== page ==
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HYBRIDIZATON: Flexibility at its best

When you think of fasteners, you probably think of nuts and bolts. Surprisingly, we haven't done much improvement on fasteners for a couple of thousands of years.

The problem with our fasteners are that they aren't flexible. In other words, you can't use a 1/4 inch nut on a 1/2 inch bolt. You can't even use a 1/4 inch nut on a 1/4 inch bolt if the threads don't match (There are about 3 or more types of threads).

Another type of connector are tubing connectors. I like to use PVC tubing and connectors to make stands and other objects. Unfortunately, these kind of connectors are very limited. So that limits what you can build with them. You also have the problem of different diameters. 1/2 inch, 3/4 inch, 1.5 inch, etc.

In general all of the fasteners and connectors that engineers have built so far "stink".

We need to learn from electrons. They are the ultimate masters in knowing how to connect things together.

First of all, electrons are super flexible. Remember they are both particle and wave. As connectors, they are mostly waves. That gives them enormous advantages. Waves can travel through each other. Think of sound from an orchestra. Each instrument is generating its own sound waves, but the different sound waves all pass through each other and coexist with each other because you hear all instruments at the surface of your ear drum. Electrons are very much like that. They cross through each other as they do their job of connecting. That's quite a trick.
3d orbitals

For example, here are five d orbital electrons. Notice how they pass through each other. They can also connect at various angles.

No fastener or connector that we've ever built can pass through each other.

The real magic of electrons are their ability to change shapes depending on the needs for bonding. For example, on the left is nitrogen's 3 lobe-shaped p orbital electrons that sit along the x, y, and z axis. The s orbital is the large orange translucent sphere. In this configuration, p orbital electrons are at 90° angles. Depending on how many other atoms it needs to connect to, the electrons can rearrange themselves into different shapes to accommodate the number of bonds it needs to make. Those can have different angles. Roll cursor over image to see these 4 electrons change their shapes. Note: The p orbitals are drawn thinner than normal so you can see their orientations better.
sp hybrid

Up until now we have talked about the s, p, d, and f orbitals. That alone gives atoms all kinds of flexibility in connecting with other atoms. This tutorial is about how these orbitals can blend with each other to form new shapes, which gives even more flexibility in bonding. This blending is called hybridization. It's a good word because the final orbital is a hybrid of the original orbitals.

In my example on the left, I show an s orbital and a p orbital at the top. When they blend they make an sp orbital. You can see some of the traits of both s and p orbitals in the sp orbital.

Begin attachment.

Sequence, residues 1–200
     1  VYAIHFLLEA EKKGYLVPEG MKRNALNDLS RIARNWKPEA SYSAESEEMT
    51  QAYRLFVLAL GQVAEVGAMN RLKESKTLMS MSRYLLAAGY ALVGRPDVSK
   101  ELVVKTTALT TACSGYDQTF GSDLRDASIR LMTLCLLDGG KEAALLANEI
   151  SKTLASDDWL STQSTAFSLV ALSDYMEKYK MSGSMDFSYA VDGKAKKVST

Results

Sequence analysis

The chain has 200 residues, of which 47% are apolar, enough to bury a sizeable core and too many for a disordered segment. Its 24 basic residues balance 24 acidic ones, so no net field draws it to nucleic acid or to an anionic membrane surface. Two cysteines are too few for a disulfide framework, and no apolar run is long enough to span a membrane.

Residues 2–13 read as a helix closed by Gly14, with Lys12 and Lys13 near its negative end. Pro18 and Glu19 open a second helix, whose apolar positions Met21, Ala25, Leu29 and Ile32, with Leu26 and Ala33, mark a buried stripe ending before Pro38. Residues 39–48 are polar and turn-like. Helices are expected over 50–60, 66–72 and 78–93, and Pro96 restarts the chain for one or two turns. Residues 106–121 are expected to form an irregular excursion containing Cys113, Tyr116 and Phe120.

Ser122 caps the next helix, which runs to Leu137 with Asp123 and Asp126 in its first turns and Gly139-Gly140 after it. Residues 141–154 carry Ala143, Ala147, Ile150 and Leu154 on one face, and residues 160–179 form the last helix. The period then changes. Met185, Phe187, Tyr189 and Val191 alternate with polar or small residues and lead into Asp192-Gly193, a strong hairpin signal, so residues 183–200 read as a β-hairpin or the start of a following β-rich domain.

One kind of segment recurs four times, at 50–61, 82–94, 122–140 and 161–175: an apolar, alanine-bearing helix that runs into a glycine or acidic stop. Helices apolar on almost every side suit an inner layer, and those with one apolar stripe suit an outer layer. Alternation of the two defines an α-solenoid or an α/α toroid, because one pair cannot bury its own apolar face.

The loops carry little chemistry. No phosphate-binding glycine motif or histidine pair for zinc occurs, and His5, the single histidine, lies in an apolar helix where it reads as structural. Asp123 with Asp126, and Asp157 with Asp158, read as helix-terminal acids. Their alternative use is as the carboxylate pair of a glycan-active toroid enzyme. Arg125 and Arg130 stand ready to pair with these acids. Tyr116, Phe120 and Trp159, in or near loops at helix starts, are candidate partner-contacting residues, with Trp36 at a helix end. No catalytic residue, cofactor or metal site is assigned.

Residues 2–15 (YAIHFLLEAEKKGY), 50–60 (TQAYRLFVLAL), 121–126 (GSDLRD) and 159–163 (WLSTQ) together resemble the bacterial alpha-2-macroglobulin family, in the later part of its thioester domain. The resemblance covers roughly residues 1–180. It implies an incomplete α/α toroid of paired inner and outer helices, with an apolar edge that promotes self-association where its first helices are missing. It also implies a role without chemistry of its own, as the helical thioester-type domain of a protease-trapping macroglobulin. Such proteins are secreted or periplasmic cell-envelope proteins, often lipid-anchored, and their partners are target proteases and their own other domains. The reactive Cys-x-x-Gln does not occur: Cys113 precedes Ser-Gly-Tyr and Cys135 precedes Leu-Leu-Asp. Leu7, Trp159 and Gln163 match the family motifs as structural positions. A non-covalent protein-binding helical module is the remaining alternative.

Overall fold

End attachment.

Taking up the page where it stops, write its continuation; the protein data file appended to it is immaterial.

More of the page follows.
Since organic chemistry and biochemistry rely on the carbon atom, that's the element that we put our attention on first. The diversity of carbon to make complex molecules is only possible because of the hybridization that its electrons undergo.
Carbon no bond On the left are 3 carbon atoms with their electrons in their ground state (lowest energy level). Carbon's two 2p orbital electrons (2px and 2py) are the more available for bonding than the s orbital electrons. However, those p orbital bonds would be at right angles to each other, which would make the atoms crowded. It also would only allow carbon to connect to 2 other atoms. So carbon's electrons do something that allows for more spacing and for connection to more atoms.
Carbon orbitals

Here is the ground state of carbon. The 1s electrons are small and not shown. They aren't involved in bonding. The two paired 2s electrons are spherical and are symbolized with two arrows. [↑↓]. There are 2 unpaired p orbital electrons that align on the x and y axes.

As the carbon atom nears another atom, such as hydrogen, one of the electrons in the 2s orbital gets pulled into a higher energy orbital. In this case, it goes into the unfilled 2pz orbital (see next panel).

Carbon s orbital Again, one of the electrons in the 2s orbital gets pulled into the unfilled 2pz orbital. Notice the green 2pz orbital is now present. The orange dotted arrow shows it came from the 2s orbital. The 2s orbital still has 1 electron left. So the orange sphere is still there.
Carbon sp3 hybridized

What happens next is that these four electrons blend with each other (hybridize), and they all become the same shape. The shape is two lobes with one much larger than the other. In the right image I'm showing the four larger lobes and not the small ones.

The shape is named after the number of the orbitals involved. The name "sp3" means there was one s orbital and three p orbitals that got hybridized. Warning: In the electron configuration symbols of "2s22p3", the exponents are the number of electrons. In "sp3" the exponent is number of orbitals. There can be 4 to 8 electrons in the "sp3" orbitals. Notice in the image the 4 electrons in the sp3 orbital area unpaired. If all were paired, you would have 8 electrons (the octet).